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Re: Unified BSD?

I would just like to add my voice to what Ignatios has written, having
never even heard of MirBSD until today (but having a history of using
BSD releases since the 1970s - on PDP11 and VAX hardware - through the
original BSDI commercial release and then up to BSD/OS 4.3, and then
NetBSD since release 2.0.2.

I too value stability in an OS - they are the platforms on which I
earn a living.   I'm not a hobbyist, I'm not interested in twiddling a
kernel (though I'm grateful to those who are), but I do have a body of
software that I have written or acquired over decades.

I tried Linux - RedHat, Ubuntu and Debian to name but several - but
found the need to constantly update kernels a distraction from doing
paywork.   I also tried FreeBSD (and for that matter an iMac) and
found a similar constant pressure to change kernels (or else some
feature I made regular use of would no longer function properly.
It's not that I think there is no place for any of these; on the
contrary, they have their niches.   But it is of the nature of a niche
to be limited.

I think the ambition to keep NetBSD available on the widest range of
hardware keeps it honest.   It's not that I have no gripes - I have
found major release upgrades problematic from time to time, and as I
recently aired on this list I have had problems with pkgsrc and shared
library versioning.   But a BSD variant like FreeBSD that exploits
just a single architecture is bound to have different priorities from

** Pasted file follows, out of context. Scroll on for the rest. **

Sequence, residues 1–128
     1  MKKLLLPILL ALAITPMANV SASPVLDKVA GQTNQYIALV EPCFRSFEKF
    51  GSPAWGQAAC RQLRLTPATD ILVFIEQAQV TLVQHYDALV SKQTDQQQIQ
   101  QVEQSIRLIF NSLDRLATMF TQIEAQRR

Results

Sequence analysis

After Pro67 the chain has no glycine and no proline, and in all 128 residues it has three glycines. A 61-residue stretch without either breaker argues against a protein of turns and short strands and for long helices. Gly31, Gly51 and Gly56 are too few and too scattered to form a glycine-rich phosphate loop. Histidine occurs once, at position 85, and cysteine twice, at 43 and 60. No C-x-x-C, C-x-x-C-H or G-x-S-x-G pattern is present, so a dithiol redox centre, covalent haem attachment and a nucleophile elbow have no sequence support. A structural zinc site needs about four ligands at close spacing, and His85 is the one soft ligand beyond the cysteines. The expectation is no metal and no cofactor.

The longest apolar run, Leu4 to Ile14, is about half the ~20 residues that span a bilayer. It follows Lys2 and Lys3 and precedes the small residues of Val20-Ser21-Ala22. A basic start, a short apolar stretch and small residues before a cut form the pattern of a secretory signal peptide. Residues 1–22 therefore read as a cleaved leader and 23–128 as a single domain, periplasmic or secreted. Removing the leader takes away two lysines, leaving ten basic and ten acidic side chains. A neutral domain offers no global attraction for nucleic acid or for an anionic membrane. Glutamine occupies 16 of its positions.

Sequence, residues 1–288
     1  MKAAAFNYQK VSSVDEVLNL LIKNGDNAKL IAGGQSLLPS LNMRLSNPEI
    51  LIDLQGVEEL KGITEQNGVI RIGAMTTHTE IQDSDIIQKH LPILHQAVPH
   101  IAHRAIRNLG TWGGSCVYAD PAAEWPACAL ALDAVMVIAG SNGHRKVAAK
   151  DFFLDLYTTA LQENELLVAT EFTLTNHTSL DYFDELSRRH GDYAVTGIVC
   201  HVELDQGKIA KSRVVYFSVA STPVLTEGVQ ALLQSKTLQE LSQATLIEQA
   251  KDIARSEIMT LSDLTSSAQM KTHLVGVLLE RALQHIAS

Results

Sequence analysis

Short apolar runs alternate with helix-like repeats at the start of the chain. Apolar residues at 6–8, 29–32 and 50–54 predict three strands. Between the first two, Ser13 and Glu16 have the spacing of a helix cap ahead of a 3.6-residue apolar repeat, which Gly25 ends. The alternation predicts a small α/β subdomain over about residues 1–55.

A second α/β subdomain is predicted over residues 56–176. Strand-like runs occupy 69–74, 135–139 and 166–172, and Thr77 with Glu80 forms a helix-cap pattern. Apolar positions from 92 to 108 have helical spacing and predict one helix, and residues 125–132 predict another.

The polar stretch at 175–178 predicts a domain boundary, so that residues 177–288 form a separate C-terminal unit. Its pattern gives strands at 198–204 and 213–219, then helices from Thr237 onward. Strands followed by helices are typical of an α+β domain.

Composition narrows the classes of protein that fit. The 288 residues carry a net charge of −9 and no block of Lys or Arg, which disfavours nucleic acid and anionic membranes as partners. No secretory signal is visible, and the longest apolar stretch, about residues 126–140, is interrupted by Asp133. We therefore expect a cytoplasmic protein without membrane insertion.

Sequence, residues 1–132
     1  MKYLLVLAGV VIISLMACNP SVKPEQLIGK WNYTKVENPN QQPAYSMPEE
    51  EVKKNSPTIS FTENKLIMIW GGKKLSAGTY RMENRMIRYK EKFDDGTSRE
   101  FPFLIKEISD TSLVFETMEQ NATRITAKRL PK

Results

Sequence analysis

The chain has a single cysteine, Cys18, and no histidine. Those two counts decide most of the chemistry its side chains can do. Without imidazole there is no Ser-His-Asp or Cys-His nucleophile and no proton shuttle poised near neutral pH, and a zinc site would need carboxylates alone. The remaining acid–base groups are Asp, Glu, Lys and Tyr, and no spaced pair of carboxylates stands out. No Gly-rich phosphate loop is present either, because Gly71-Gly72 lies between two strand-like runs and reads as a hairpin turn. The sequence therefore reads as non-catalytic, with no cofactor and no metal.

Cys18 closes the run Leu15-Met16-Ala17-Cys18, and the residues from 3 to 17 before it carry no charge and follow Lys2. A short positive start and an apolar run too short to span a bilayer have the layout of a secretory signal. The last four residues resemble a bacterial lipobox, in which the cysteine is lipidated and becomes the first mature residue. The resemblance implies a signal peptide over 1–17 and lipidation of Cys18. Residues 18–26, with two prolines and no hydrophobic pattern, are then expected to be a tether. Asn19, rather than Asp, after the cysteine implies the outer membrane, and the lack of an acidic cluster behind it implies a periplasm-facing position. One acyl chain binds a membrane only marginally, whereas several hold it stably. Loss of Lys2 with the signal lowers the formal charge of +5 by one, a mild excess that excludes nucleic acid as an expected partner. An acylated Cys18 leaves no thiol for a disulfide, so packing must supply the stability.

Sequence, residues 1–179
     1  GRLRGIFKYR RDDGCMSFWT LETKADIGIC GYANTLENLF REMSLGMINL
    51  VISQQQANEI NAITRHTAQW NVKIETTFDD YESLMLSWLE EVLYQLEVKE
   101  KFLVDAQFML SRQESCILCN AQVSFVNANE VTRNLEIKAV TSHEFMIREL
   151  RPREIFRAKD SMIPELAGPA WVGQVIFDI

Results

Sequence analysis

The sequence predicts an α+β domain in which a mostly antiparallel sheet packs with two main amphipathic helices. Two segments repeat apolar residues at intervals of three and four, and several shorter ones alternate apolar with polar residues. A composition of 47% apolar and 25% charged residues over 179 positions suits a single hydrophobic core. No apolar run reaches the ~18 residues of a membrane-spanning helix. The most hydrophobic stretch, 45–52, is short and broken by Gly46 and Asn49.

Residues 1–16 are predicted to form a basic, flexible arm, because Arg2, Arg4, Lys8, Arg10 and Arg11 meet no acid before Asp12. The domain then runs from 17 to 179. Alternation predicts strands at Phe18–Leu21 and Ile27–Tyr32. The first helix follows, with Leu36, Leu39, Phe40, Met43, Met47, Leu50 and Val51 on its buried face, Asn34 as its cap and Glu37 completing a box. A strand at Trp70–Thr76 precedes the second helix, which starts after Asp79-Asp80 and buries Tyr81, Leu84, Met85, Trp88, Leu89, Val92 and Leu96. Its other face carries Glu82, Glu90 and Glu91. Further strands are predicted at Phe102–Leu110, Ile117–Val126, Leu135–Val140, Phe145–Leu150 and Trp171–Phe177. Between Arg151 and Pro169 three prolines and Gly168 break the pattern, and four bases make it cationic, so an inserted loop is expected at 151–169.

one like NetBSD which aspires to catholicity.

Others have commented on the licensing issue, which really can affect
one's ability to run a business using software as a platform for
delivery of added value, rather than dealing in software per se.   I
think I understand why the BSD variants split - in a way it's a
tribute to the universality of the concepts underpinning the
general design of Unix-like operating systems.   And there is surely
benefit in not making variants differ for the sake just of trying to
be divergent.   But whatever the surface politics and personalities,
systems mostly diverge in the way species do in the natural world, and
for the same sorts of reasons.   Some live, some die, some thrive, some

Would the world be a better place if there were just one breed of
cattle or sheep, or more ambitiously just one species of mammal?   If
we end up with the latter, it will be us, and that may not be an

Steve Blinkhorn <>
You wrote:
> On Tue, Nov 13, 2012 at 01:04:27PM +0100, Lars Engels wrote:
> > MirBSD / MirOS is dead:
> > 
> >
> > 
> > Last commit:  2011-08-29 23:00:00
> I'm no Mir* co-worker, so take this with a grain of salt. But on
> general principles:
> a) I question the date itself - that's the last commit to whatever
> watches, not necessarily the last thing the developers 
> did.
> (In fact, I've heard from Thorsten at FrosCon that he does definitely
> not consider his project abandoned.)
> b) Besides - I question the notion of "unchanging" == "dead". In
> fact, as somebody who *uses* software, and who administeres computers
> for others who want to *use* the software, I consider changing
> software - e.g. the fortnightly changes of Firefox-Current's user
> interface - a nuisance. (That's why Mozilla has their "extended
> support release", currently 10.0.9.) People want to use software for
> some work, not spend half of their time rewriting configuration
> files or relearn key bidings or menu entry positions.
> (Now, nobody being there who looks at bug reports etc... thats
> something different. But you only see changes through this activity
> if there really *are* bugs.)
>       -is

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